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Review: ChronoClock

11 Mar 2017

Let’s Get Cute

Like pretty much every genre of every medium, the gaming genre of the visual novel has a number of subgenres to help further classify the games that fall into it. Being a mostly Japanese exclusive genre until recent years, most of these subgenre titles are abbreviations or portmanteaus of Japanese words, with many being popular fan terms rather than “official” genre titles. As such, the western fandom typically uses these Japanese titles as well.

Many of my favorite visual novels fall under the “utsuge” (depressing game) or “nakige” (crying game) subgenres. Not so much that I find crying to be entertaining, but more because I feel that it takes great writing skills to invoke such strong emotion. As such, most games I’ve played under these subgenres tend to have the best storytelling.

Within that same reasoning, there’s another visual novel genre that I tend to avoid: “moege,” or “moe game.” Moe is a Japanese term without a firm definition (usually meaning something slightly different to different people), but at its most basic refers to media featuring cute girls. The moege typically features the player taking the role of young male, interacting with a series of young women, usually with stereotypical anime personalities, and has a heavy lean on romantic themes.

When I was presented the opportunity to try out a recently western-released moege, I figured it was time to stop dodging them and see if they were actually worth my time. At the other end of the game now, I can say I was pleasantly surprised by what I got to experience.

Developed by Purple Software and published in the west by Sekai Project, ChronoClock was released on February 28th, 2017, for PC via Steam.

Time Travel Pickups

The story of ChronoClock follows Rei Sawatari, a high school boy living a normal day-to-day life. That is, until he inherits a pocket watch from his grandfather, which he quickly discovers allows him to rewind time if he breaks it. Living inside of this watch is a being named Chronos, who explains the rules of the watch to Rei: Smashing the watch will rewind time by five minutes. He can use it however he wants, but only once an hour.

Rei proceeds to use his newfound power in the most obvious way a high school boy would – picking up girls. All is going well and good until one day, when a student falls off the school roof to her death. Rei uses the watch to rewind time and try to save her, discovering that she was attempting to confess her love to his best friend. Having saved her life, but ruined her confession, Rei decides to help this girl, Miu, work up the courage to confess her love again.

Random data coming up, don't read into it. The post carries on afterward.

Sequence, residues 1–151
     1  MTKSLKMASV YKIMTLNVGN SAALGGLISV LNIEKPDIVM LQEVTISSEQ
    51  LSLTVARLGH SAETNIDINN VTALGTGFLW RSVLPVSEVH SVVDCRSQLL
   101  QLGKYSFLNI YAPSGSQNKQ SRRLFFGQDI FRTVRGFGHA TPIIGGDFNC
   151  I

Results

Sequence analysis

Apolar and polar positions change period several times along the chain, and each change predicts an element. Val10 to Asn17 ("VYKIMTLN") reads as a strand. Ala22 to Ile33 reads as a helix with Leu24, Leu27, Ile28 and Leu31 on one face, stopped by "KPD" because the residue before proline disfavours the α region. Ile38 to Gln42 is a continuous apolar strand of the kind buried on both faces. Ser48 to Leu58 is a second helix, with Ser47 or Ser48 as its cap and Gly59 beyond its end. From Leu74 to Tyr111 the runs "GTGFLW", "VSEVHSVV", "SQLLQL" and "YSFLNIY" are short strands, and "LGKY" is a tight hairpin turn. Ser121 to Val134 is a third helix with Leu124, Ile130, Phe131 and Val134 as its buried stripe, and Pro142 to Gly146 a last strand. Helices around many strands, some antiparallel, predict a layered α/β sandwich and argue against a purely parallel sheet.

So begins an incredibly lighthearted, no-stakes story about a high schooler trying to find a girlfriend. Even the opening movie has the tagline (in awkward English) “Begin an Easy Time Travel.” You’re just here to pick the cutest girl, and that’s about it.

ChronoClock presents a set of four main story routes, each corresponding to a certain potential romantic interest…and each somewhat conforming to an anime cliche. You have Misaki, your underclassman and standard tsundere; Makoto, a classmate who happens to be the daughter of a Yakuza; D.D., the token foreigner who blends English and Japanese together; and Michiru…your sister.

Speaking of which, this game does contain some…uncomfortable…anime tropes, which you may want to be aware of before diving in. Yes, one of your romance options is your own sister, and the game doesn’t try to sidestep it like other stories (i.e. “She’s actually your stepsister,” or “She’s adopted.”), but rather bluntly spells out that this is a blood relative. There’s also the fact that Rei is really into catching glimpses of girls’ panties, so you get treated to a number of panty shots featuring these high school-aged girls.

On the positive side, despite not having much of a plot to speak of, ChronoClock handles its character interactions incredibly well. Much of the entertainment here is watching relationships develop, not only between Rei and whichever girl you’re interested in, but between every member of the cast. This leads to some legitimately heartwarming moments, and a number of passages that I read with a big, stupid smile on my face.

While the character relationships develop well, the personalities of the characters themselves don’t get quite the same treatment. Each of the girls has their focal personality trait, and they never really seem to grow out of it, nor develop much deeper than it. Despite great interactions, the personalities eventually started to grate on my nerves near the end of each route.